For you ol' timers: How has the WT changed in your view?

by logansrun 14 Replies latest jw friends

  • logansrun

    How have the publications changed over the years, in your opinion? Do you feel that they are more "politically correct" now than in the past? What about writing style? Do you think that it is more "cult-like" and intellectually dishonest than in the past? Illustrations -- more destruction pictured or less? Are there more pictures in general (translation: less substance)?

    I guess I'm just fascinated by the sociological phenomen of the WT and how it has evolved.


  • logansrun

    On the question about illustrations of destruction...does anyone notice if the WT is depicting less dramatic destruction of urban settings since 9-11 ?

  • reubenfine

    I was a witness from birth in 1956 until about 7 or 8 years ago. I rarely read a publication now, but I would definitely say they are dumbed down both by content and writing style. I would think they are trying to appeal to a generally less intelligent person nowadays, but that's giving the writers credit for having any intelligence themselves. The older publications seemed to be a no hold barred, call out the Devil and the world to a barroom fight, but now they seem like whimperings and trying to put people on guilt trips. I would say they are definitely more cult-like, although maybe I just see it now more for what it is, and the dishonesty is even greater now especially for what they don't say, like the UN scandal, etc.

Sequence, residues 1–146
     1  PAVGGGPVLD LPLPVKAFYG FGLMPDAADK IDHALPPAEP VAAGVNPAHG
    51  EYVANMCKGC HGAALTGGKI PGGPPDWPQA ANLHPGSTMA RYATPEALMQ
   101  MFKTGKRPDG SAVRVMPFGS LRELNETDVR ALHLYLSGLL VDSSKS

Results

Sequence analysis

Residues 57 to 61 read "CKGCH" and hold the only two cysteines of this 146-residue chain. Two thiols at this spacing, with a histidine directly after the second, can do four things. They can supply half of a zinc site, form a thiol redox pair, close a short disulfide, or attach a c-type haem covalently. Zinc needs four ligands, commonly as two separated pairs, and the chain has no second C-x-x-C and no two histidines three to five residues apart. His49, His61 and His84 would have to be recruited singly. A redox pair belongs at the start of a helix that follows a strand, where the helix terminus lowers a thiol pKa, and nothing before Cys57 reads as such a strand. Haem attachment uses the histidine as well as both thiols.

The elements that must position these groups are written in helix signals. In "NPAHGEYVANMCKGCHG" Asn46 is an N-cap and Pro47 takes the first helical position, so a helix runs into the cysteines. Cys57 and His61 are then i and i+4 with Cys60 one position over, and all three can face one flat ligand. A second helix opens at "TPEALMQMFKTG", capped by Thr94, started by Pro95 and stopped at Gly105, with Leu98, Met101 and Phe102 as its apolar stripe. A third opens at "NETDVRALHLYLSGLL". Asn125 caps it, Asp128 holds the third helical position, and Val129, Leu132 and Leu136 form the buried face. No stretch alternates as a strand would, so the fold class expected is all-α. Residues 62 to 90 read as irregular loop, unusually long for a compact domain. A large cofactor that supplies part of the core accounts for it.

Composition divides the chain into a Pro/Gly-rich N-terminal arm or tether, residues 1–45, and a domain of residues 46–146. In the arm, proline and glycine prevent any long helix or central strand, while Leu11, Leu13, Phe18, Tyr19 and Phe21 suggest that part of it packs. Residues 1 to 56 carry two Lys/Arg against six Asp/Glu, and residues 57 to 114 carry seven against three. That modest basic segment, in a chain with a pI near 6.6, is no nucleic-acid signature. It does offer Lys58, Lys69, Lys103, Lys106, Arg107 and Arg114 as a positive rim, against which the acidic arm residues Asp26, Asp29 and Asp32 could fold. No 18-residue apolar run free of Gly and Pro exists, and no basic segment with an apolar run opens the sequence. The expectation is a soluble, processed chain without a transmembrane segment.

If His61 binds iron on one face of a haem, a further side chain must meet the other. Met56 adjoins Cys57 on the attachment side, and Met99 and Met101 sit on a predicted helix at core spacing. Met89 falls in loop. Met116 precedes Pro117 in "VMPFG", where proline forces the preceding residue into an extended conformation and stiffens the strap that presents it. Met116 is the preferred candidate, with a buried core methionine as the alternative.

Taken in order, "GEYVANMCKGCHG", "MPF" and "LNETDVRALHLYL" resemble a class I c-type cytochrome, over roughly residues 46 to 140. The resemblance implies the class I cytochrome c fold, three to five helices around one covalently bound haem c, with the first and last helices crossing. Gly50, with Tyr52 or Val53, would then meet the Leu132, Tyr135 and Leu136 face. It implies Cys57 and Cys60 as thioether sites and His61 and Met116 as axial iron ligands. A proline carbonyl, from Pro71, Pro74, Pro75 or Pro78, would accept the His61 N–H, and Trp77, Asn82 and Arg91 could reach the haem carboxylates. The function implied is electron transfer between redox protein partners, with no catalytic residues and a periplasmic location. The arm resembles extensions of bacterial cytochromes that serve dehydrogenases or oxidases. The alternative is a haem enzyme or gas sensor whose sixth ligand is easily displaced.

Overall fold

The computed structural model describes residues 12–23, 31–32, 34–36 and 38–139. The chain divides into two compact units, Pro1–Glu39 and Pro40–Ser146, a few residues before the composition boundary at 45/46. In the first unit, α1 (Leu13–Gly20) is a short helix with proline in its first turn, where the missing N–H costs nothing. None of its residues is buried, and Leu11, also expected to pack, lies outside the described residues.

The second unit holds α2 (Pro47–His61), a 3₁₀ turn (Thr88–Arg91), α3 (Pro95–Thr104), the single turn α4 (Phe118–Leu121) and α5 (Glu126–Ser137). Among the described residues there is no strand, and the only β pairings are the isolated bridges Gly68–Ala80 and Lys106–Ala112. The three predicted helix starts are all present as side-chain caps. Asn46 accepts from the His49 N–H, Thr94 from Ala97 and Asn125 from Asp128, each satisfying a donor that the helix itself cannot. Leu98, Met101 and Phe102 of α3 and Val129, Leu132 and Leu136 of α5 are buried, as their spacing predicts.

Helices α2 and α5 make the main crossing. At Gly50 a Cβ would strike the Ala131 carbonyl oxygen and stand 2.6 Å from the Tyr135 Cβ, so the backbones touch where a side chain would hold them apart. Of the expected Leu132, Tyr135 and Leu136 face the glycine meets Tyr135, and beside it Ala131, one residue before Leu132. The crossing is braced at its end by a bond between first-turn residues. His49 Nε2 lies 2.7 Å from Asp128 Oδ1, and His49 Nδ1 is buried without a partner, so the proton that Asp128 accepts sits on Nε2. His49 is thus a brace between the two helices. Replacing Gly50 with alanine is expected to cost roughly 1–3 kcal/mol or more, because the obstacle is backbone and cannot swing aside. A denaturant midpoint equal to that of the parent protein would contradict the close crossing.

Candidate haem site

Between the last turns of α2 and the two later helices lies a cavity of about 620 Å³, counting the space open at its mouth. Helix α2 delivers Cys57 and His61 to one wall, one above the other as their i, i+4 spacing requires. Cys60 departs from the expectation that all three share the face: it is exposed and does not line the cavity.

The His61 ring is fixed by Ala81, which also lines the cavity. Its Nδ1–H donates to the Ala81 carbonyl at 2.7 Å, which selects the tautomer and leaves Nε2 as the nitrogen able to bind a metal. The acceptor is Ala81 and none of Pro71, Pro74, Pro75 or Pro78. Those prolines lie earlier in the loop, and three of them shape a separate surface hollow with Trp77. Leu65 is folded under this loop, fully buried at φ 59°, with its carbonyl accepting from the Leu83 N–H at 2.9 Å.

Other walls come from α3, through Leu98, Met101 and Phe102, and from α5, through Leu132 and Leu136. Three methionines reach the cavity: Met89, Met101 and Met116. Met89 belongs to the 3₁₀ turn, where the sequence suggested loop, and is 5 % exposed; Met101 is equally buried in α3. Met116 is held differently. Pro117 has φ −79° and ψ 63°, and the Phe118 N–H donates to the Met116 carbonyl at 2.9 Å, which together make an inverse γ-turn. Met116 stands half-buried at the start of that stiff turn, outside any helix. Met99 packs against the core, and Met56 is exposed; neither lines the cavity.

But what do I know!

  • garybuss

    The serious writings were written by the Watch Tower Publishing Corporation about the Jehovah's Witnesses.

    Now the serious writings are written by the Watch Tower Publishing Corporation to the Jehovah's Witnesses.

  • logansrun


    Succinctly put, and I think I know exactly what you mean.


  • larc